Practice Areas James A. McKown Jr.

A new blood test could help SSD applicants establish the presence of a debilitating mental illness.

Depression is a mental illness that is often misunderstood. Unfortunately, the ability to understand the disease is further complicated by the lack of a concrete method of diagnoses. Currently, physicians often use non-scientific methods to diagnose the presence of depression. This can include questioning the patient on changes in mood and increased levels of fatigue. Accurately describing these symptoms can be difficult. Accurately interpreting them as a physician also poses problems. As a result, mistakes are often made.

These mistakes and the misunderstandings tied to this mental illness may soon change. Scientists with Northwestern Medicine recently developed a blood test that is able to diagnose major depression in adults. According to a news release by Northwestern University, the test could be a medical breakthrough.

More on the study behind the blood test

The study used to examine the blood test involved 32 patients who were previously diagnosed with depression and 32 who did not have the mental illness. This second group was used to serve as a control group. All participants ranged in age from 21 to 79. By carefully studying the blood samples, scientists were able to pinpoint nine different markers in patients who suffered from depression that were not present in the control group.

In addition to finding markers that signaled the presence of depression, the scientists also saw a difference in the nine markers for patients that had responded positively to therapy and were reporting that they no longer suffered from depression.

Greater impact - psychological disorders and SSD

This study could help not only in the diagnosis and treatment of depression, but also for those who are attempting to receive social security disability benefits. The Social Security Administration (SSA) provides benefits for those who suffer from mental disorders, but qualifying can be difficult.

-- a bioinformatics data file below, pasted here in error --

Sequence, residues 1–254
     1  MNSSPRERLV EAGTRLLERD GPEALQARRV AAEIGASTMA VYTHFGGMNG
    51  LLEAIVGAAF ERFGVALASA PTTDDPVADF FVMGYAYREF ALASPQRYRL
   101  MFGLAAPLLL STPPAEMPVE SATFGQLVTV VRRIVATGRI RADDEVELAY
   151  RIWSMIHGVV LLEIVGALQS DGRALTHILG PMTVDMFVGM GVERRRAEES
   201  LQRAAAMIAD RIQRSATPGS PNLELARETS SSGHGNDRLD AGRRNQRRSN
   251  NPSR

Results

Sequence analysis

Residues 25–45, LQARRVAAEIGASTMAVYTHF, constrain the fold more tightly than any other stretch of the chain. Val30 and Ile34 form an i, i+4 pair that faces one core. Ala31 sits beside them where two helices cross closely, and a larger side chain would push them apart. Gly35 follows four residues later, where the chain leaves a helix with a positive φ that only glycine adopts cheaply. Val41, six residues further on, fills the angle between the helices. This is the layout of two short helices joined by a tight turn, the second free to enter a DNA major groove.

Generally, an applicant must meet the criteria listed in section 12.04 of the Mental Disorders to receive benefits. This can include meeting depressive syndrome symptoms and manic symptoms as well as establishing that the symptoms are severe enough to impede the applicant from working.

Meeting the criteria is difficult, but legal counsel can help

Putting together an application or fighting a denial can be difficult. Although the above mentioned test may help applicants establish qualification for these benefits, it will likely take time and additional studies before the SSA accepts the results of the test. In the meantime, those who believe they qualify for benefits are wise to seek the counsel of an experienced disability benefits attorney. This legal professional can review the case and work to better ensure a strong application or appeal, better ensuring the applicants chances of a more successful outcome.

Keywords: SSD